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Iron and Air

Many magnetic structures include one or more air gaps. There are air gaps between the rotor and stator of motors and generators. Relays depend upon a change in the length of air gap as do solenoids of the plunger and clapper types. In such circuits the exciting winding must develop sufficient mmf to overcome not only the reluctance of the iron but also that of the air gap.

Example 3-3: Consider the simple magnetic circuit shown in Fig. 3-19 which consists of a laminated core of U.S.S. Transformer 72, 29 Gage Steel with an air gap g and an exciting winding of 300 turns. If the air gap

Figure 3-19. Laminated electromagnet with air gap

has a length g = 0.100 in., determine the current to produce a flux of 20,000 lines in the core. Neglect leakage and fringing. Assume a stacking factor of 0.95 for the core.


Solution: Net area of core = 0.50 x 0.50 x 0.95 = 0.238 sq in.
Length of iron circuit = 2(2| + 2) = 9.00 in.

H(for iron, from Fig. 3-11) = 18 amp turns per in. The mmf for the iron is

Firon = HironIiron = NIiron
NIiron = 18 x 9 = 162 amp turns
Length of air gap = 0.10 in.

The mmf for air is

The area of the air gap is 0,50 x 0.50 = 0.25 sq in.

It should be noted that the stacking factor applies only to laminated iron and not to the air gap.

The air gap is in series with the iron as the same amount of flux traverses both, hence the total mmf is

Air gaps are undesirable in magnetic circuits where low mmf are required for given values of flux. This is true of power transformers where a low value of exciting current is desirable. However, the cost of keeping air gaps short or entirely eliminated must not be so great as to outweigh other factors such as cost and difficulty of construction. Air gaps can be eliminated by using punchings in the form of hollow discs, as for example in the toroidal core of Fig. 3-9(a). This construction is practical for small cores, but the cost of dies becomes prohibitive beyond a certain limited size. Figure 3-15 shows a group of small magnetic cores in toroidal form. A construction frequently used for reasons of low cost has the core made up of E and I laminations as shown in Fig. 3-20.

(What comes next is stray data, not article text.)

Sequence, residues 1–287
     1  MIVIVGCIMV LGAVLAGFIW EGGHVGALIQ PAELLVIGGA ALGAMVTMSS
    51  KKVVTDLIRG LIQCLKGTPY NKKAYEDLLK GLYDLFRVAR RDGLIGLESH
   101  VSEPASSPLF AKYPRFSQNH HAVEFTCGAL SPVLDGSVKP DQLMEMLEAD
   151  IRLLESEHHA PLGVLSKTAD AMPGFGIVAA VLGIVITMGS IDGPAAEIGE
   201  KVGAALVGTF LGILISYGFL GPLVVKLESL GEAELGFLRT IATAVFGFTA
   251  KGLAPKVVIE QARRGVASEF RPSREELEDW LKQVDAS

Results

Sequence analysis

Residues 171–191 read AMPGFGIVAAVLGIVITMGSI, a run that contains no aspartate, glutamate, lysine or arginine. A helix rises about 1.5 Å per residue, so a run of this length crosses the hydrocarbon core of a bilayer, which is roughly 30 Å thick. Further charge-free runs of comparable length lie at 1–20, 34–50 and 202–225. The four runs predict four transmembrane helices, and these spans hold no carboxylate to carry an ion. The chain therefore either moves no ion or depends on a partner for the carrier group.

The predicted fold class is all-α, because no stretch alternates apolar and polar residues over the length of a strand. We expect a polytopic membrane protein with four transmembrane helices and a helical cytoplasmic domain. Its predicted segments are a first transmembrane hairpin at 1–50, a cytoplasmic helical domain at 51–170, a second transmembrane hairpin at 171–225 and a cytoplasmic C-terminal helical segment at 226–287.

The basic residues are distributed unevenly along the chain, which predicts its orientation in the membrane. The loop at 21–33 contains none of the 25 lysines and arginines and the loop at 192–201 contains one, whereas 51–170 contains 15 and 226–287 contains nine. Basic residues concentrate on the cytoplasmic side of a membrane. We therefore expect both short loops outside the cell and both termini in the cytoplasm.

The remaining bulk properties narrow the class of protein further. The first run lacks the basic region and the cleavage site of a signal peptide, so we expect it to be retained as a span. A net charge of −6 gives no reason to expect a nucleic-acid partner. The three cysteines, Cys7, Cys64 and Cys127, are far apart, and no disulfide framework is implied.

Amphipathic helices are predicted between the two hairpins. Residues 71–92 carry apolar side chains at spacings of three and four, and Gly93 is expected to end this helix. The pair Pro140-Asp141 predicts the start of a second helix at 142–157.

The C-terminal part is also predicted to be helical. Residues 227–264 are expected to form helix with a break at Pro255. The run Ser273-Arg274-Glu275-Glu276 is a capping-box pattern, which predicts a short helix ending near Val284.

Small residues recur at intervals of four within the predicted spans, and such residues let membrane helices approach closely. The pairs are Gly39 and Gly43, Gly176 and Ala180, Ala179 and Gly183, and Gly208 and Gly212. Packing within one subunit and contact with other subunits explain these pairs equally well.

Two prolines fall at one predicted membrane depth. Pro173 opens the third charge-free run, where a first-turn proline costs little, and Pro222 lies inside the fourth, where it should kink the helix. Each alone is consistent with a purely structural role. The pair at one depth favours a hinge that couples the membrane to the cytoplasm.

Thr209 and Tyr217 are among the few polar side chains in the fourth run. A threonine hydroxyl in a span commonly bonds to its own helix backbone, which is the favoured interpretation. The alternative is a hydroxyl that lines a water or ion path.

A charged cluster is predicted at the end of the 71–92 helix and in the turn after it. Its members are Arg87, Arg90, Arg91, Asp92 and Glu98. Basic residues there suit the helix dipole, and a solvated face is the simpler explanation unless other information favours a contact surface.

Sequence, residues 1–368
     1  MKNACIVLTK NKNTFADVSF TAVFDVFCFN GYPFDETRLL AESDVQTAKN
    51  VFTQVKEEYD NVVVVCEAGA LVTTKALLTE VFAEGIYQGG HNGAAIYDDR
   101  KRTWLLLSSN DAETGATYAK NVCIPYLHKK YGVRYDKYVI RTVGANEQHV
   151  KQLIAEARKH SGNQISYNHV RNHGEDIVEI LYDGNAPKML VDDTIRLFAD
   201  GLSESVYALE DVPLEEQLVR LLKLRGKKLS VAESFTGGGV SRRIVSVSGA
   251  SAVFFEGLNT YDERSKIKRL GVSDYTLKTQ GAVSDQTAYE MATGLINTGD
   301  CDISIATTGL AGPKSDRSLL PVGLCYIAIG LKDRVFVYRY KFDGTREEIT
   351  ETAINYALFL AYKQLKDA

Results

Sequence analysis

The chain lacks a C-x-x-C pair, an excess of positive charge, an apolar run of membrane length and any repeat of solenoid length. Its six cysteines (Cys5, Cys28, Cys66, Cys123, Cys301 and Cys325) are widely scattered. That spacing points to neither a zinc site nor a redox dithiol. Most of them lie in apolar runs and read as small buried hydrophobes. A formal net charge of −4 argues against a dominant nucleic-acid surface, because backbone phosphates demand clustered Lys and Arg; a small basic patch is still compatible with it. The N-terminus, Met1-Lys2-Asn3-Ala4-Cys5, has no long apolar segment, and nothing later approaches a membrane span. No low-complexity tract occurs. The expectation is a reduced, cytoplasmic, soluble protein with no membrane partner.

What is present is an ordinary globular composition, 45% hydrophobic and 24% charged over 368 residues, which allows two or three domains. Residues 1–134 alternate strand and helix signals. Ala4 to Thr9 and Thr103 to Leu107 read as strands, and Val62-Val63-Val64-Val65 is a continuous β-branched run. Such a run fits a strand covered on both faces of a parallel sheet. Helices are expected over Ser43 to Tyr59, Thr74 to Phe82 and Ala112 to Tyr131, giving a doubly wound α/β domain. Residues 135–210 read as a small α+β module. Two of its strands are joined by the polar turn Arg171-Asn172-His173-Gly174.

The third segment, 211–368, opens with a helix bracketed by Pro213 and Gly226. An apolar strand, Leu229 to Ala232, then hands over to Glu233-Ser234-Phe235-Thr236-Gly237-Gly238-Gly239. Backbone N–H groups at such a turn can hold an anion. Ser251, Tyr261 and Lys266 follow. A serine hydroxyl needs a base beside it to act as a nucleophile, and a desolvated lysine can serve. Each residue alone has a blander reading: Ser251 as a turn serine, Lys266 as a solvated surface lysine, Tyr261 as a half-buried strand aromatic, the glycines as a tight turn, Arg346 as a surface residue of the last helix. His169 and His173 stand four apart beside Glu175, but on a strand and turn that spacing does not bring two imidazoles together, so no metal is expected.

Figure 3-20. Core comprised of E and I laminations with overlapping butt joints

The least laborious method for assembling such a core is to stack all the I laminations together to the desired thickness and all the E laminations together and then pushing the two stacks together. This, however, produces three butt joints where the I stack meets the three legs of the E stack and a small air gap results at each joint. The effect of these joints can be minimized by going to lap joints and assembling the I pieces one at a time with the E pieces in such a fashion that for successive layers the position of the I pieces alternates between top position and bottom position, and the corresponding E pieces between bottom position and top position. Thus, the gap in each layer is bridged by a solid piece of lamination on each side of the gap, as shown in Fig. 3-20. Lap joints can also be achieved by using L-shaped laminations for making up a two-legged core. Some two-legged cores are constructed from straight I-shaped laminations and using lap joints.

There are applications, however, in which an air gap is desired in a core to give a smaller variation of inductance with current or to prevent saturation of transformer cores. An air gap is also desired in the cores of chokes when direct current is present.

Last Update: 2011-08-01